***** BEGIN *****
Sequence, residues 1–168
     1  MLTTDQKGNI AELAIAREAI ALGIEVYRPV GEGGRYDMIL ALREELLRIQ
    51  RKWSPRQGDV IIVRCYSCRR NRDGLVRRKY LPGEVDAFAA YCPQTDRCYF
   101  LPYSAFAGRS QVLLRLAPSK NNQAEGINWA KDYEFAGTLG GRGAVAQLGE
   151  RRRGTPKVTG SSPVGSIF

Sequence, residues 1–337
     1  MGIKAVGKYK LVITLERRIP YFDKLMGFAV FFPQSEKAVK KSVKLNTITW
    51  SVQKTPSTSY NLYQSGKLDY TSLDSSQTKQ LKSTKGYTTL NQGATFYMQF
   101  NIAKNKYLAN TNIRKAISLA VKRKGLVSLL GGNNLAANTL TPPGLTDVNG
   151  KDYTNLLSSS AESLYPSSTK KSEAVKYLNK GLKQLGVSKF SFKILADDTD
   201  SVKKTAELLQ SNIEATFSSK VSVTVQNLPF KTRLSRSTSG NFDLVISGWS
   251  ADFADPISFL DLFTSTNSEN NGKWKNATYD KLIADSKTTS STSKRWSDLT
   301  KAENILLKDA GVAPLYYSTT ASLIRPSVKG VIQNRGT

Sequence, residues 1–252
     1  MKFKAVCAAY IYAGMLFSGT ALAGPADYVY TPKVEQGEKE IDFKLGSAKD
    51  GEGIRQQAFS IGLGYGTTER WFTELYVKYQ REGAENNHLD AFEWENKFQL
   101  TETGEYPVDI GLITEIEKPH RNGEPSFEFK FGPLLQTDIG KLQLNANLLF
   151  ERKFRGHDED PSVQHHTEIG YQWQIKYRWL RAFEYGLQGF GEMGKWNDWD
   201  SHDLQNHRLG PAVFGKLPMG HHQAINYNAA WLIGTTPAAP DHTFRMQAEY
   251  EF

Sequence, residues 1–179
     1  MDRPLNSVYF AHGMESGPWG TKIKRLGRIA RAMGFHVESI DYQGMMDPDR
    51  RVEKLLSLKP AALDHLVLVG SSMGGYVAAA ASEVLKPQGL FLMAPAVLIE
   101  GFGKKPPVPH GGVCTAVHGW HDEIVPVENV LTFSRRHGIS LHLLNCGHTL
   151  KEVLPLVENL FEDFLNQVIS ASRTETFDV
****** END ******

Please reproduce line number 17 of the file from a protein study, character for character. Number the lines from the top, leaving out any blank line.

   101  TETGEYPVDI GLITEIEKPH RNGEPSFEFK FGPLLQTDIG KLQLNANLLF